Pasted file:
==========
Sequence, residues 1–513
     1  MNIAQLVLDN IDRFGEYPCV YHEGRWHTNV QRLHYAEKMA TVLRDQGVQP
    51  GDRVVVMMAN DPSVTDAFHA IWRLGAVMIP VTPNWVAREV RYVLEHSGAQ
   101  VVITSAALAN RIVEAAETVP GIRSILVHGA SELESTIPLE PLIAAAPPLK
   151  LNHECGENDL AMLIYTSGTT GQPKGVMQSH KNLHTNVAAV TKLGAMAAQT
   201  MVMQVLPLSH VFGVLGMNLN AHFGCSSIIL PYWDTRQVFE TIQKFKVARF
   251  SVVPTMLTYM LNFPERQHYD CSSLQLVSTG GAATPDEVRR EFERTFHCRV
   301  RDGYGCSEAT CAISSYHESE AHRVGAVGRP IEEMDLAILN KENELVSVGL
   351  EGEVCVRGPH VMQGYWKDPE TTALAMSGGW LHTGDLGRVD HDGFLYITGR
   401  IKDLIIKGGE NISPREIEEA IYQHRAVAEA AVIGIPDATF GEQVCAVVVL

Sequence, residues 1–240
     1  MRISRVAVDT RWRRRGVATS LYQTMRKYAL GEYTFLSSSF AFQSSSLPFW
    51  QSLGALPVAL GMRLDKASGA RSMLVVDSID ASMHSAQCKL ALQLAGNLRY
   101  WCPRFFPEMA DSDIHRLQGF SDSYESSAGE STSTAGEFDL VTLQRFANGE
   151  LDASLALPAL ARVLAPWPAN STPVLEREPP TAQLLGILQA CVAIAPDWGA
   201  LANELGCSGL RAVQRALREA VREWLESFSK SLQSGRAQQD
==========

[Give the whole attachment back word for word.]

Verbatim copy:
Sequence, residues 1–513
     1  MNIAQLVLDN IDRFGEYPCV YHEGRWHTNV QRLHYAEKMA TVLRDQGVQP
    51  GDRVVVMMAN DPSVTDAFHA IWRLGAVMIP VTPNWVAREV RYVLEHSGAQ
   101  VVITSAALAN RIVEAAETVP GIRSILVHGA SELESTIPLE PLIAAAPPLK
   151  LNHECGENDL AMLIYTSGTT GQPKGVMQSH KNLHTNVAAV TKLGAMAAQT
   201  MVMQVLPLSH VFGVLGMNLN AHFGCSSIIL PYWDTRQVFE TIQKFKVARF
   251  SVVPTMLTYM LNFPERQHYD CSSLQLVSTG GAATPDEVRR EFERTFHCRV
   301  RDGYGCSEAT CAISSYHESE AHRVGAVGRP IEEMDLAILN KENELVSVGL
   351  EGEVCVRGPH VMQGYWKDPE TTALAMSGGW LHTGDLGRVD HDGFLYITGR
   401  IKDLIIKGGE NISPREIEEA IYQHRAVAEA AVIGIPDATF GEQVCAVVVL

Sequence, residues 1–240
     1  MRISRVAVDT RWRRRGVATS LYQTMRKYAL GEYTFLSSSF AFQSSSLPFW
    51  QSLGALPVAL GMRLDKASGA RSMLVVDSID ASMHSAQCKL ALQLAGNLRY
   101  WCPRFFPEMA DSDIHRLQGF SDSYESSAGE STSTAGEFDL VTLQRFANGE
   151  LDASLALPAL ARVLAPWPAN STPVLEREPP TAQLLGILQA CVAIAPDWGA
   201  LANELGCSGL RAVQRALREA VREWLESFSK SLQSGRAQQD